Best Practice: Get Rid of Unused Extensions and Apps

If you like to experiment with various apps and extensions, there’s a chance you could have a whole gaggle of crap you’re not using. And a lot of that stuff could be running in the background, eating up RAM.

To see which extensions you have installed, fire up a new tab in Chrome click the menu > More Tools > Extensions. You can also type chrome://extensions into Chrome’s Omnibox.

chrome extensions page

Scroll through and take a look at each extension or app. If you don’t know what it is or it’s something you don’t use, get rid of that sucker! Smash that remove button to kill it with fire. 🔥🔥

Not only will this free up RAM by killing background processes, but it’ll make for an overall cleaner system. You’re welcome.

Use RAM-Saving Extensions

Now that you’ve gotten rid of a bunch of extensions you don’t use, let’s add a few that can do some good. There are three essential extensions here—and the best part is that you don’t need all of them. They all do different things, but you can easily get by with one or two of the options.

OneTab: Easily Keep Collections of Tabs without Keeping Them Open

one tab extension description from chrome store

OneTab is a great extension that allows you to keep groups of tabs together without keeping them open. You can send tabs to OneTab and save them into lists—which is excellent for research and whatnot—meaning you don’t have to keep them open any longer.

It’s sort of like supercharged bookmarks or a more organized Pocket list. It’s just a useful extension that allows you to organize and close tabs without losing them forever. Best of all, it’s free. Grab it from the Chrome Web Store.

The Great Suspender: Put Tabs to Sleep When You’re Not Using Them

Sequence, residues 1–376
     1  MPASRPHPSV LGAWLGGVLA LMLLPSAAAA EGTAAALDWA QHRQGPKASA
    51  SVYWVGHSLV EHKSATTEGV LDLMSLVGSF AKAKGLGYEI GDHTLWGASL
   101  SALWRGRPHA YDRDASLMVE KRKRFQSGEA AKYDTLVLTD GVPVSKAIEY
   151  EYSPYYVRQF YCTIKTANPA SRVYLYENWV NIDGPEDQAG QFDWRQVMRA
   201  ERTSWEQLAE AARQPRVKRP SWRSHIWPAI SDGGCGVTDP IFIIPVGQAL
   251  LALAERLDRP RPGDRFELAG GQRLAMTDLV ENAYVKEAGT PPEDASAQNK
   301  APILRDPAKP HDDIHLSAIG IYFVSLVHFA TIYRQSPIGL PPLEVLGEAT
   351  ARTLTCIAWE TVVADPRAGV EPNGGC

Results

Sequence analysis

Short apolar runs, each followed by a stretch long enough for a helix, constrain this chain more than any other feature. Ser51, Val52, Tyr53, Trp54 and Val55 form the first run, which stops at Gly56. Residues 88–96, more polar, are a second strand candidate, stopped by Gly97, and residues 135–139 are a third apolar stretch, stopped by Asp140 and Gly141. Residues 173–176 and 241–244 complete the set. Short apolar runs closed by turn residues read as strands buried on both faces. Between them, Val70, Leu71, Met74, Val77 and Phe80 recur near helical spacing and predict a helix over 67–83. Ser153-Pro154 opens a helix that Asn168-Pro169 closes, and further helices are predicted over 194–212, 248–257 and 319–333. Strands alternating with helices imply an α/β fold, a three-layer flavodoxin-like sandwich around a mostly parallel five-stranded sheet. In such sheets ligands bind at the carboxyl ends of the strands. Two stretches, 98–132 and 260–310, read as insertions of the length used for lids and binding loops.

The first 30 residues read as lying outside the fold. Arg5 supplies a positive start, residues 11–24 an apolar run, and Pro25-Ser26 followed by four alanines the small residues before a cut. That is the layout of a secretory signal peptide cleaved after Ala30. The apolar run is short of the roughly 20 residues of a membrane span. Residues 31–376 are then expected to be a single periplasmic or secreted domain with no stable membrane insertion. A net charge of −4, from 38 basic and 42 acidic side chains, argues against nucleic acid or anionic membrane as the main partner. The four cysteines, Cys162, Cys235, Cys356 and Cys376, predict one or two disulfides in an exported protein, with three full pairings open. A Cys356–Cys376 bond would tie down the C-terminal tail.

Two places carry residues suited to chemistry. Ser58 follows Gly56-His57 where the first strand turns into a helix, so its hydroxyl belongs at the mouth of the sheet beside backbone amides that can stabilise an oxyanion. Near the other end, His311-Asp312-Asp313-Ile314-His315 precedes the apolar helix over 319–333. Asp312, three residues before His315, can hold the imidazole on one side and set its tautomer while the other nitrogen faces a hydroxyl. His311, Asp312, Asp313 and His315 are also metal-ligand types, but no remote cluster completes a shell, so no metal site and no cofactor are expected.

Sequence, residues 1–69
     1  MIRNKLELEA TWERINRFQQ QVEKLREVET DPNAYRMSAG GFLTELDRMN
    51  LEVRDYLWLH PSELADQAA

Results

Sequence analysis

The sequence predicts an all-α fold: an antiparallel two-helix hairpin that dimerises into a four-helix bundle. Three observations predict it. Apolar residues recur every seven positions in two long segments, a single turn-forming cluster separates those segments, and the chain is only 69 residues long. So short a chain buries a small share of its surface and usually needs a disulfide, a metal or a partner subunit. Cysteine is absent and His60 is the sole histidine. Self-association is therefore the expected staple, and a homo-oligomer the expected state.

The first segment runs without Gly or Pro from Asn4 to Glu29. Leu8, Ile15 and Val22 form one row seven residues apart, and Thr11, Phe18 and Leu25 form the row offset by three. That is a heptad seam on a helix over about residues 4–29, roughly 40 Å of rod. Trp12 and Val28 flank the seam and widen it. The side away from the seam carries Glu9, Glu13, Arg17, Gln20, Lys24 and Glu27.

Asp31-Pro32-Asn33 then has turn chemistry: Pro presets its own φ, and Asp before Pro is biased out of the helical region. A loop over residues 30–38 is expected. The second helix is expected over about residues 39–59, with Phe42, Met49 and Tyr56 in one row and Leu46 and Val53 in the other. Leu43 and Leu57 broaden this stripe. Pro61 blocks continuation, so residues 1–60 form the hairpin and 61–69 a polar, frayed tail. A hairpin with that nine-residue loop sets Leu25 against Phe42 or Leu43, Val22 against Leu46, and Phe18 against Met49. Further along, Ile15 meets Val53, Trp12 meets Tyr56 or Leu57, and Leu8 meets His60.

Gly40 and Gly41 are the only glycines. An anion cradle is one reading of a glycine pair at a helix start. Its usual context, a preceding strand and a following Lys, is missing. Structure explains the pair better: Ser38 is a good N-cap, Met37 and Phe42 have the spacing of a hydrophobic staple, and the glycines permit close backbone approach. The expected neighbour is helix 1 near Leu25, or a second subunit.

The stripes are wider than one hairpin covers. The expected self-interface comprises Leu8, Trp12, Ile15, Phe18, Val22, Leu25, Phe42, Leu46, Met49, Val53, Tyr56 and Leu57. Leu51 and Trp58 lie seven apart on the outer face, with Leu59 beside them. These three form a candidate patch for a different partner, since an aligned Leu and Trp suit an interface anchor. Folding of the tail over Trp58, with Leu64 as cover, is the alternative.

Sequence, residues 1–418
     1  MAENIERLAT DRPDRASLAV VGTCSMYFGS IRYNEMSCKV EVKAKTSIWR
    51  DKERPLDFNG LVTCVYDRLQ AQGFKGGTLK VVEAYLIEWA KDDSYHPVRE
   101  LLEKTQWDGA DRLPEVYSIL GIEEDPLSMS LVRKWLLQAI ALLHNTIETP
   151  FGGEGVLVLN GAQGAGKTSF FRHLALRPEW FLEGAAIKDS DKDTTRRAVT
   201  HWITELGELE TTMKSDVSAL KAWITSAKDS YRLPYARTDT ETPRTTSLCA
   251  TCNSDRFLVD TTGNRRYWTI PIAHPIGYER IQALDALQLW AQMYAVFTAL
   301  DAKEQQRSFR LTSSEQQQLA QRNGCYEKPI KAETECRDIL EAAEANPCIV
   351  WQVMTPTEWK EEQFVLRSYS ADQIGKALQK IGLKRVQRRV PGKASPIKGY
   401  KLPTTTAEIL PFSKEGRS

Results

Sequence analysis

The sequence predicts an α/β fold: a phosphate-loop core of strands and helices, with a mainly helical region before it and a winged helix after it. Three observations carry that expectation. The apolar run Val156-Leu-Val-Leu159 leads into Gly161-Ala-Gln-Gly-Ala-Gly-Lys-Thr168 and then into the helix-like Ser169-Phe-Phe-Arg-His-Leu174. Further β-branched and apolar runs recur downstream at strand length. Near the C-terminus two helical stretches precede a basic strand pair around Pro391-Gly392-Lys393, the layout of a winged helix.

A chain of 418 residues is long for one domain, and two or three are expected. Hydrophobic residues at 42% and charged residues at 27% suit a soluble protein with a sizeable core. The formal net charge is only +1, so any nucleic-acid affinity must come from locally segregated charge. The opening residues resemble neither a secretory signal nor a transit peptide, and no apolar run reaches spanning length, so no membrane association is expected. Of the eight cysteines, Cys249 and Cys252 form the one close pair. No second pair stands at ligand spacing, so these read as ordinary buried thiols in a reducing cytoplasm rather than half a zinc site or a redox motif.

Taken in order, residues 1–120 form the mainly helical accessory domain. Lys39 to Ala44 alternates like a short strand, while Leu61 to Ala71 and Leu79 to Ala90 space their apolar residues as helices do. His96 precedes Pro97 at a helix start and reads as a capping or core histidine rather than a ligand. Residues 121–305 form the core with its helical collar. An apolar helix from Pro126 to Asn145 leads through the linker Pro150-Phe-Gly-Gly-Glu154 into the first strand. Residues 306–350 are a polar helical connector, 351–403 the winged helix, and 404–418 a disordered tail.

great suspender page

If you like the idea of keeping all your tabs open all the time but don’t want them hogging resources (like RAM), then The Great Suspender is for you. It “suspends” tabs after they’ve been inactive for a user-definable amount of time (the default is one hour), which puts them into a low-memory state. To resurrect a suspended tab, click anywhere inside that tab’s window—boom, it’s awake.

Like OneTab, The Great Suspender is free in the Chrome Web Store.

Tab Wrangler: Automatically Close and Save Inactive Tabs

tab wrangler settings

If you were to combine OneTab and The Great Suspender, you’d get something very similar to Tab Wrangler. Instead of suspending tabs and leaving them open as The Great Suspender does, Tab Wrangler will automatically close them after a user-defined amount of time.

But they’re not gone forever, because it also keeps a list of all closed tabs—kind of like OneTab. They’re not as organized, and the list doesn’t keep going forever, but if something gets closed and you need it back, there is a quick way to salvage it.

Oh yeah, and this one is free too. Get it in the Chrome Web Store.

So there you are, and there you go. Whether your Chromebook as 2 GB or 16 GB of RAM, these tips should help you make it go further.

Profile Photo for Cameron Summerson Cameron Summerson
Cameron Summerson is ex-Editor-in-Chief of Review Geek and served as an Editorial Advisor for How-To Geek and LifeSavvy. He covered technology for a decade and wrote over 4,000 articles and hundreds of product reviews in that time. He’s been published in print magazines and quoted as a smartphone expert in the New York Times.